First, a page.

The value of a ‘leader as coach’ program for law enforcement

Coaches can assist in developing employees, enhance morale and drive cultural change


Leadership development is essential to the success of most organizations. Professional coaches can be deployed from within the organization or attained from outside of the organization to assist in developing employees and managing problem solving, goal setting and transformation processing that aligns with the organization’s values, culture, ethics, goals and mission. [1]

Coaching can enhance morale and drive cultural change. Thus, it behooves organizations to consider adopting programs that develop leaders as coaches from within organizations. A leader as coach program should focus on an organization’s goals, vision and mission with the coaching approach aligning with organizational objectives. [2]

Practical application in law enforcement

In a real-world application, at my sheriff’s academy, both internal and external coaches are used to train and mentor recruits and staff.

Different police agencies are used not only to represent diversity in experience and training but also to expand on knowledge from external experts in the field. For example, in physical training, a private exercise physiologist is used as the facilitator and coach of exercise, dieting and behavioral modification. The physiologist from an external firm is employed as a coach to assist recruits and staff members in achieving physical goals.

Another example of external coaches within the sheriff’s department is the use of a peer support specialist whose primary responsibility is to counsel staff members subsequent to a traumatic event such as an officer-involved shooting.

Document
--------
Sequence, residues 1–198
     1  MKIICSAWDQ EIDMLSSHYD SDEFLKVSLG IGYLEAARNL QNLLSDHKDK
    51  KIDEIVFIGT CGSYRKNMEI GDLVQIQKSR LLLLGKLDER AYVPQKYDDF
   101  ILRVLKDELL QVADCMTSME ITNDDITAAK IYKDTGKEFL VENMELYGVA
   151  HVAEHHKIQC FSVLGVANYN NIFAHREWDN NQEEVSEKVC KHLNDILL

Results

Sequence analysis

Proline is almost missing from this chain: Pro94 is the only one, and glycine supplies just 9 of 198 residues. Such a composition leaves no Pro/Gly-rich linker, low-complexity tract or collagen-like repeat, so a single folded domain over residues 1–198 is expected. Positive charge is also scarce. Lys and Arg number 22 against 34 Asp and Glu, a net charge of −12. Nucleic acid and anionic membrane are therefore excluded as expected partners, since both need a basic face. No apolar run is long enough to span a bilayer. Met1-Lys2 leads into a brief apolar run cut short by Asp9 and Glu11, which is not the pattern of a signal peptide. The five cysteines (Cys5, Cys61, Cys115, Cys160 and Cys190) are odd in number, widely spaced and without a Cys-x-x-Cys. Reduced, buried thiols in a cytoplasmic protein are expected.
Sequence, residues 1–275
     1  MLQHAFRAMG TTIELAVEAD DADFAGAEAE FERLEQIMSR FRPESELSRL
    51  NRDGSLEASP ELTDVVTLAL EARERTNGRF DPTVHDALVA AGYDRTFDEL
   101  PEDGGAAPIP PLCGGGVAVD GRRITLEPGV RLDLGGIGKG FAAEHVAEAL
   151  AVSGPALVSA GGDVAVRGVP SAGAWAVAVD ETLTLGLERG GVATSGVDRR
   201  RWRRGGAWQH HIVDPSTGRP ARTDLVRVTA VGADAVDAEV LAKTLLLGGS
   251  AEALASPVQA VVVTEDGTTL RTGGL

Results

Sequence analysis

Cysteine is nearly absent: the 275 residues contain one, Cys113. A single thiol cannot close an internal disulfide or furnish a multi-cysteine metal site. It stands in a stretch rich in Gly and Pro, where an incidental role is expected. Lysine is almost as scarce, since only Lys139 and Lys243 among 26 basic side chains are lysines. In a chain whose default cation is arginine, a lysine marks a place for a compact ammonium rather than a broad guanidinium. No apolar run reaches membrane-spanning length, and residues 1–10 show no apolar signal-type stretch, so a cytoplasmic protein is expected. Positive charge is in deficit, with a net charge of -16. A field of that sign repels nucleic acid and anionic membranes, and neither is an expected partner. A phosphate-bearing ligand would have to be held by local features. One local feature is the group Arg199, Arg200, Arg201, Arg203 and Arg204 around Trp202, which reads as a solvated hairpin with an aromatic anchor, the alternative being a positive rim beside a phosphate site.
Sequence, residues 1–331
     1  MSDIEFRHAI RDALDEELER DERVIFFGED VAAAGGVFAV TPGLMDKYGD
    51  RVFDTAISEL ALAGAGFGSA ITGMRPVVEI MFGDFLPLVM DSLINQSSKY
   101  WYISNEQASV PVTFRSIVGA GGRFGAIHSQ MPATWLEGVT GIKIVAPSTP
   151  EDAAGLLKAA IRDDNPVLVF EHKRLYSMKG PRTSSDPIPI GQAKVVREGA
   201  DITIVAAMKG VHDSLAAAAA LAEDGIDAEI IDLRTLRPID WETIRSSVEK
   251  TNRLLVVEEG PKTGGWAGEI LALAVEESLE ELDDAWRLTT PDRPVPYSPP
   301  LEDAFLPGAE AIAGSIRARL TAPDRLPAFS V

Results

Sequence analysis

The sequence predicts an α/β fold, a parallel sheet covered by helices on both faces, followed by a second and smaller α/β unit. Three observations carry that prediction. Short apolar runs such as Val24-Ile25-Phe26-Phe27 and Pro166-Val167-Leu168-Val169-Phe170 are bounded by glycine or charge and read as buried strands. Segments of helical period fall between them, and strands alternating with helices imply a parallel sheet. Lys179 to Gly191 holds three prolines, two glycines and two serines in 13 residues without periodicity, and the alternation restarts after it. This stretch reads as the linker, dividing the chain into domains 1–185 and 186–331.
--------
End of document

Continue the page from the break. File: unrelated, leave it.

As a sergeant in a sheriff’s department, I have applied coaching tips from coaching consultants Dr. Anthony Grant and Margie Hartley: [2]

  1. An effective leader is one who leads by example by being a role model for positivity. Even though the environment inside the jail is toxic, violent and hazardous, projecting humor (when appropriate) and positive comments provides a manageable environment for staff members.
  2. Reframing, paraphrasing and asking clarifying questions enhances active listening skills. On a daily basis, conflict arises among inmates or with staff members. By listening to all sides and investigating the situation, conflicts are usually mitigated and resolved.
  3. Recognizing and acknowledging each deputies’ strengths and conveying those observations to them on a perpetual basis helps motivate them to perform better and be more vigilant. Taking the time to write a commendation for a staff member when he or she performs well is rewarding not only for the staff member but also for myself as a coach, mentor and supervisor.
  4. Direct and honest communication coupled with the assurance that their decisions are supported creates an environment of trust, which is crucial for a working relationship. A trusted leader or coach has more credibility than one who is not trusted.
  5. Taking breaks is essential to recharge, particularly in the stressful environment of a maximum security jail. The stress that the staff members and I experience is often minimized by taking breaks throughout the day to rejuvenate.